(9/19/2013 9:38:52 PM)
This is reeks of trouble. Dear sweet Erica doesn't know a f'ing thing about digital and is simply clueless beyond belief if she thinks the radio industry is doing a good job with digital.

Pray, and then pray some more.

(9/19/2013 4:04:43 PM)
Erica is good for a laugh, "unlike other media", is she kidding?. Most radio station's online presence is a dated, "website" centric view of the world. Erica is a true shape shifter, I don't think she has much credibility outside of the RAB. Lady take a bow, it's over.

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WSJ: Arbitron/Nielsen Deal Could Be Approved Friday


The Wall Street Journal is reporting that the company's $1.3 billion acquisition of Arbitron could get approval from the Federal Trade Commission Friday. The Journal says the approval would "likely come with conditions including one to ensure Arbitron continues a measurement initiative with comScore." The original deal was announced in December of 2012. Arbitron shareholders approved the deal back in April. It's been stuck at the FTC waiting regulatory approval.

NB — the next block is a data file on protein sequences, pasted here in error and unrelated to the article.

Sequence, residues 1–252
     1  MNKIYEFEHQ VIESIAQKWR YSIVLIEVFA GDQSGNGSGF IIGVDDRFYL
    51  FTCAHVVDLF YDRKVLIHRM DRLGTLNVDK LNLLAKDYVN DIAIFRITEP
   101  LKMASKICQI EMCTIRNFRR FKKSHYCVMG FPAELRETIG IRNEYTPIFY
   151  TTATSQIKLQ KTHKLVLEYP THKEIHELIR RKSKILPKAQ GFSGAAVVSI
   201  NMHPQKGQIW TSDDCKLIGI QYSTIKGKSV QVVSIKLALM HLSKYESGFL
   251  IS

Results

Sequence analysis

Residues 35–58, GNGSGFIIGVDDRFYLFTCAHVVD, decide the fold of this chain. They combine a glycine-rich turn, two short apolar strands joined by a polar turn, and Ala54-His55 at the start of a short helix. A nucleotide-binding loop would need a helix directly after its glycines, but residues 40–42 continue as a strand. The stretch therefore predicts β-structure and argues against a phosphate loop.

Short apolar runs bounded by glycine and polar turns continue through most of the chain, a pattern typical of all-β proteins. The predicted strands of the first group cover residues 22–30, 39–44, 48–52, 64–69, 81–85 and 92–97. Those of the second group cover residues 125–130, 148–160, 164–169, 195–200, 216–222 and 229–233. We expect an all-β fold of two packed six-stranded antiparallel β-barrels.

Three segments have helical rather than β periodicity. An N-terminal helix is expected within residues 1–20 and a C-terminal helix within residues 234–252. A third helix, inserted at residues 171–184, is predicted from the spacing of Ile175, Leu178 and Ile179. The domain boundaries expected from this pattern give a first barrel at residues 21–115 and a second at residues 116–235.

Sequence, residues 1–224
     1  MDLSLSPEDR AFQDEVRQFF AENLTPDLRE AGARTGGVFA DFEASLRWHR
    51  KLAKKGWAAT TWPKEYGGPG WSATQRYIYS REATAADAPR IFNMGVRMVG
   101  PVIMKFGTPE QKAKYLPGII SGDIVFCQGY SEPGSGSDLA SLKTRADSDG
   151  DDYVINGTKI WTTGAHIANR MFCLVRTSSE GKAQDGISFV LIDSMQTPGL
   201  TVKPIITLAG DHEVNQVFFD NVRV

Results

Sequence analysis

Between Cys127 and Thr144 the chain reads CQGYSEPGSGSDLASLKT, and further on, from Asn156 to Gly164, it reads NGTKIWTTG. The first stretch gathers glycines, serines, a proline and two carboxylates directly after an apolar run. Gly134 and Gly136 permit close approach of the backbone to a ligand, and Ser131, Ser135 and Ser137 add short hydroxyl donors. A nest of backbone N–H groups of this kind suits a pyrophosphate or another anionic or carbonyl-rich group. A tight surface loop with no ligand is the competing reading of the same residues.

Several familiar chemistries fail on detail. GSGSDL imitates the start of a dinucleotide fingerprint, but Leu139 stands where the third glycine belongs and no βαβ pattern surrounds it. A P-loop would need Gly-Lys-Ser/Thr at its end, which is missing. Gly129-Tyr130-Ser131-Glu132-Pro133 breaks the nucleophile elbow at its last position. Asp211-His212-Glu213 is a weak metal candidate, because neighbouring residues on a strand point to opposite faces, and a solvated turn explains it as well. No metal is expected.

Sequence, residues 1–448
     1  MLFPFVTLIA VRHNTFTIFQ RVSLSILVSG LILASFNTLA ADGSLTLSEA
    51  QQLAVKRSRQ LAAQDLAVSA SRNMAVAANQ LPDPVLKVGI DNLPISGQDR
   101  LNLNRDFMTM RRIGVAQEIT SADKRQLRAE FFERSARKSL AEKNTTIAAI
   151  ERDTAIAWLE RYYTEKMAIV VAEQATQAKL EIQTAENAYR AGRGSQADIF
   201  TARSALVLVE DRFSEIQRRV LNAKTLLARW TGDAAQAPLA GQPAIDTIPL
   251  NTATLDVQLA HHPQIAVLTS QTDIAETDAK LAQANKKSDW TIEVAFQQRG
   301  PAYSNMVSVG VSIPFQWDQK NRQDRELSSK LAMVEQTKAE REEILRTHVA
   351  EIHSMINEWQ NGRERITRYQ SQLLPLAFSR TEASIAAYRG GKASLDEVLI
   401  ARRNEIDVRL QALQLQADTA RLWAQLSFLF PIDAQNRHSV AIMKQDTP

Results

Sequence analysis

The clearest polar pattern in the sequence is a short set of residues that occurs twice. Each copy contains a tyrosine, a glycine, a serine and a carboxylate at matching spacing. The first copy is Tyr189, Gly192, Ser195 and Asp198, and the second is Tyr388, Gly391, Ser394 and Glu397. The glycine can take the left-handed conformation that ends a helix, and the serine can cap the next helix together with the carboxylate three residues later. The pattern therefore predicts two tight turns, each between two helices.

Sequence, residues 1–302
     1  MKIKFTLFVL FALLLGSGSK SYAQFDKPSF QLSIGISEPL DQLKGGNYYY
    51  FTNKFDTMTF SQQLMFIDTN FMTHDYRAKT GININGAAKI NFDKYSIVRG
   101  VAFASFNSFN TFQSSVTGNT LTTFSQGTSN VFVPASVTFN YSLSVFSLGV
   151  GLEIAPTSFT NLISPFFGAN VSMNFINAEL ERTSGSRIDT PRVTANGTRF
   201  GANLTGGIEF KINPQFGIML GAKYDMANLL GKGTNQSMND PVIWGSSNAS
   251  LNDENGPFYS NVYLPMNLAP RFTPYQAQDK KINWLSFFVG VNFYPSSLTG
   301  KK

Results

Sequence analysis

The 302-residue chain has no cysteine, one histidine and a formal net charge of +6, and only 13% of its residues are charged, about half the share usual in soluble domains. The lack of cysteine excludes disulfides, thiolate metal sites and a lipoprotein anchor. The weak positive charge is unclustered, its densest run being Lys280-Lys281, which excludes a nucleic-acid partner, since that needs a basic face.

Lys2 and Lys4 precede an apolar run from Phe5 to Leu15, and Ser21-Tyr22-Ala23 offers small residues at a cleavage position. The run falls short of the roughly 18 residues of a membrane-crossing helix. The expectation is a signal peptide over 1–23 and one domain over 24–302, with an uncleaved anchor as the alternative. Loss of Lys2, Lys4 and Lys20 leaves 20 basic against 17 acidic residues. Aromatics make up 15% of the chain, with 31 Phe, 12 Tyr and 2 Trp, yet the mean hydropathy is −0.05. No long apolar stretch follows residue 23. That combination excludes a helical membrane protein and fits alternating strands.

Read the story here.

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Wednesday, September 25, 2013

FCC To Hold LPFM Webinar


The Federal Communications Commission will hold its second webinar to answer questions about low-power FM and the process for applying for a new LPFM license during the October 15 - October 29, 2013, open-filing window. The webinar will be held Thursday, October 3, 2013, from 1:00 p.m. to 2:30 p.m. EST. The session will be a Q&A for potential applicants to ask Media Bureau staff questions.

The webinar will be broadcast live over the Internet at Presentations will be available both during and after the sessions at and will be archived. Participants can submit questions by email during the webinar to or by Twitter using the hashtag, #LPFMquestions. For additional information about the webinar, please contact Parul P. Desai, Attorney/Advisor, Media Bureau, at (202) 418-8217, email: For press inquiries, contact Janice Wise (202) 418-8165, email:

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Angela Hill Joins WWL/New Orleans


Longtime New Orleans news anchor Angela Hill (pictured here with WWL personality Garland Robinette) joins Entercom's WWL as of Monday, September 30, taking the 1-4 p.m. slot. HIll retired from WWL-TV earlier this year, and Entercom/New Orleans VP/GM Chris Claus said, "Not only is Angela a household name, she's one of the most respected, popular and beloved personalities in New Orleans and the Gulf South."

Hill said, "Radio allows you to connect with and engage people on a more personal level. When you add the power and reach of WWL radio, we can do great things. My show will be engaging, fun, and attract big-time guests that will keep the Deep South talking. The sky's the limit."

WWL midday personality Garland Robinette called Hill "the world's greatest communicator," and said, "People think she's influential now -- wait until she sits behind that WWL radio microphone."